VIEWPOINTS: The fall concert was pretty fun…and free

Seddy Hendrinx headline the lineup.
Seddy Hendrinx headline the lineup.
Emory Davis

Last night’s Fall Carnival and Concert hosted by the Activities Programing Board (APB) featured a mixed-bag of a line up. It fit no theme other than diversity, but I found myself appreciating each act for what they brought to the table over the course of the evening.

Indigo Storm opened up the night’s slate, declaring that they were there to bring the “auditory energy.” They definitely dominated the soundwaves during their nearly hour-long set.

They played a wholehearted show. Being an opener is always a tough task. The crowd is usually still finding their groove — or not at the venue yet — and that leaves the opener with the double-duty of keeping the present crowd engaged while beckoning newcomers. 

Most of the scattered crowd milled around aimlessly during their set. That didn’t stop the band from shaking the ground that they stood on. This three-man crew was raucous, and although their dread-infused music felt tense at times, they had a casual stage presence that suggested they’ve played enough gigs to know what they’re doing. 

Their lead vocalist flexed a polished rock voice throughout the show. It’s a voice that comes off as proper and authoritative, each word enunciated with clarity and projecting forcefully. On top of a thick tapestry of rock instrumentation, I can’t help but summon mental images of a king rallying their army for siege in a fanciful kingdom.

Indigo Storm, a rock band from Lexington, opened the show. (Sydney Bellm)

I’m personally an advocate for harsher vocals in this pocket of music, but I can’t complain. This band has a well-defined sound and they pull it off well.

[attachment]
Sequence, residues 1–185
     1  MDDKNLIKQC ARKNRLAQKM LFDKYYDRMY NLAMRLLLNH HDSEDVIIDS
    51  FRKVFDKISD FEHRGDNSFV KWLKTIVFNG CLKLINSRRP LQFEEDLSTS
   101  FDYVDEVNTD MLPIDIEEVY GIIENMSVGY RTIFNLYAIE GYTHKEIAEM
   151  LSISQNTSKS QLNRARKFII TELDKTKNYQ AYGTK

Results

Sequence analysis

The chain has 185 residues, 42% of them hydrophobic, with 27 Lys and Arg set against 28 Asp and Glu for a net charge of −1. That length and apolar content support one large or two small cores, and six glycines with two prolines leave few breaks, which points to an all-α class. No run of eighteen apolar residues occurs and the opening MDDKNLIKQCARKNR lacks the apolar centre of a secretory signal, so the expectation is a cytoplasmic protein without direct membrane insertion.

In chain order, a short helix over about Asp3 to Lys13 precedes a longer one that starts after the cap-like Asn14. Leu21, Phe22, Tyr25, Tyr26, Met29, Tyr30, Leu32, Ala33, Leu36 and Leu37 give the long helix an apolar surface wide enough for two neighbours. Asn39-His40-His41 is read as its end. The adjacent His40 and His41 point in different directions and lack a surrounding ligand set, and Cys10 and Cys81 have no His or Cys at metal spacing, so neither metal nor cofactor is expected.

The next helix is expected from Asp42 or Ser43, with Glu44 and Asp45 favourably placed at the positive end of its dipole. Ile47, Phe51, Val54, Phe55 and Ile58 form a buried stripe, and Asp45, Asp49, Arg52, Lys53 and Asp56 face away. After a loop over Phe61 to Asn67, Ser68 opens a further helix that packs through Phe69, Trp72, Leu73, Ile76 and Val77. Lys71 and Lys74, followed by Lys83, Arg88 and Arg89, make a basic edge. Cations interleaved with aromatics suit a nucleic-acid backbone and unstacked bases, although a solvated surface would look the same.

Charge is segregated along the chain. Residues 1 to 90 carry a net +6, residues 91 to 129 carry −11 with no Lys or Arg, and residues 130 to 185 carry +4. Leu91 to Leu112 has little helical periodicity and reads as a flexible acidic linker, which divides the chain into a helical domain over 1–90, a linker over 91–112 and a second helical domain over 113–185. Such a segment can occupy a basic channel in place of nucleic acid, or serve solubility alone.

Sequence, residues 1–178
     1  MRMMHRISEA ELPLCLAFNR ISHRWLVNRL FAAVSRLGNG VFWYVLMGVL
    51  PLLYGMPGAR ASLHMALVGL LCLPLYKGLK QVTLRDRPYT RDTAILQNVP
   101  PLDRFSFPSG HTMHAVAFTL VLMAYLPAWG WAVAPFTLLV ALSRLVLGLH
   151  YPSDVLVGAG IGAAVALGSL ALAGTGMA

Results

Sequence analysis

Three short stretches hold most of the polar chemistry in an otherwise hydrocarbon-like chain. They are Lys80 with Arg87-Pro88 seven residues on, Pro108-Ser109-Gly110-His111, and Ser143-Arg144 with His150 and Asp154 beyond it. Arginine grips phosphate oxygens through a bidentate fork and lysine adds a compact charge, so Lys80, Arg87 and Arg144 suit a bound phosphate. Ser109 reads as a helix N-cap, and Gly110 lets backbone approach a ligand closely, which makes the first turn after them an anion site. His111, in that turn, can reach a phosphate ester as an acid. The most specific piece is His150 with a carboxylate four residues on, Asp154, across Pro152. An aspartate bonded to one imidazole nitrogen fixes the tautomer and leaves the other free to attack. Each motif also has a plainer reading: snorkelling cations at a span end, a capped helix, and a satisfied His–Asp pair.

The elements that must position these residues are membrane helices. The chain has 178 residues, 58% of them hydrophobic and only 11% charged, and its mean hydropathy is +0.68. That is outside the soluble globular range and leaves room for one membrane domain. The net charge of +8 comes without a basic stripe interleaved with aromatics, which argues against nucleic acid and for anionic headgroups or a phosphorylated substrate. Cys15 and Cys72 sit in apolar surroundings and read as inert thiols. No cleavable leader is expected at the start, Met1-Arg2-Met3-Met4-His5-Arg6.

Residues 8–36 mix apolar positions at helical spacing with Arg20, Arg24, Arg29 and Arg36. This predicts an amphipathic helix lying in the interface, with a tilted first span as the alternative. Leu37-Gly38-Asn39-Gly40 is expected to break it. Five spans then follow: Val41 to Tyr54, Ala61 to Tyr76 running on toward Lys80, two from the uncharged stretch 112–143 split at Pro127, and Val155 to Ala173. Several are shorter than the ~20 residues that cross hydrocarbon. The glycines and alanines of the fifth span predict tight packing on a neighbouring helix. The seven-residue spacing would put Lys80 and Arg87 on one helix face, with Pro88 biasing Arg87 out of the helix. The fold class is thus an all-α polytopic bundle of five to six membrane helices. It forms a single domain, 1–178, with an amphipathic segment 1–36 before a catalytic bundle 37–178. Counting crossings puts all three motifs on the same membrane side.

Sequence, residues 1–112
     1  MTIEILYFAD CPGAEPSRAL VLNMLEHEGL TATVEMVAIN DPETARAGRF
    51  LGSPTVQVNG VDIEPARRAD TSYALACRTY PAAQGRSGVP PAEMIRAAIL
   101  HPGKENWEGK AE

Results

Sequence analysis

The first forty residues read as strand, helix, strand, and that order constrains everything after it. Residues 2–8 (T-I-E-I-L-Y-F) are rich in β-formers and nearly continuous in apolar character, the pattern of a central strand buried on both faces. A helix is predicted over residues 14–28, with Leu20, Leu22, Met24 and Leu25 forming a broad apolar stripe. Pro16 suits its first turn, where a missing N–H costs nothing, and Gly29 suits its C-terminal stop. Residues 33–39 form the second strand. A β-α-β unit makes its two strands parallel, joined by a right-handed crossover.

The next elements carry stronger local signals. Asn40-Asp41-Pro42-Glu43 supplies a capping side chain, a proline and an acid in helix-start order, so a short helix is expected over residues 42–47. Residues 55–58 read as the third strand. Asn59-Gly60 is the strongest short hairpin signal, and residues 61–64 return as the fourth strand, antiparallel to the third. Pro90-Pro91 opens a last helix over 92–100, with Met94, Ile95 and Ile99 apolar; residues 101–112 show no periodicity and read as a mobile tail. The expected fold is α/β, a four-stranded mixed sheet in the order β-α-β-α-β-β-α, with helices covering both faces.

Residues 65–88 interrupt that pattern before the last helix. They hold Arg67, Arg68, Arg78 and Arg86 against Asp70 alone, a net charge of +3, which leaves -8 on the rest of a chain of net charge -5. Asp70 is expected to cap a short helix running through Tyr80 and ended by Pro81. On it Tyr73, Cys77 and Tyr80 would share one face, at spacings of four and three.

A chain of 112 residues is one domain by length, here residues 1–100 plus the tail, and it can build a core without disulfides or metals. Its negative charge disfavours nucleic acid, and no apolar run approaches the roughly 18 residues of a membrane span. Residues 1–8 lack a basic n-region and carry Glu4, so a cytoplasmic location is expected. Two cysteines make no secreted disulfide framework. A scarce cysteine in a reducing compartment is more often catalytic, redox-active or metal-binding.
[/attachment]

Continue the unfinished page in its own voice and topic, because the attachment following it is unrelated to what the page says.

After performing a portfolio of their original tracks, the band transitioned into covers, playing heavy 90s rock hits. Perhaps the best part of their performance was when they asked the crowd if they knew the band Deftones. Even with a lean crowd, the response was a resounding “yes.” 

“Do you guys want sad, emo Deftones or heavy, screaming Deftones?” the lead singer asked. The response was mixed that time around, but it seemed like the crowd was pleased with the latter when the band played a rendition of “Be Quiet and Drive (Far Away).” 

This was the vocal recipe I was looking for.

Good Morning Bedlam was next in line to perform. The duo features two singer-instrumentalists, one who plays the upright bass and the other who switches between a guitar and ukulele. They also had a foot drum on stage that the guitarist operated. These two had glaring synergy on stage that drew everyone in. 

This act’s set had an innocent, feel-good essence to it that I couldn’t help but appreciate. They were having a great time on stage, and it transferred to the audience. Their music borders on sappy pretty much all the time. It’s not something I would ordinarily care to listen to, but it struck the perfect chord last night given the context: a brisk evening, moon out and friendly music that feels like it’s hugging you from all directions thanks to the resonant thumps of the bass and the foot drum.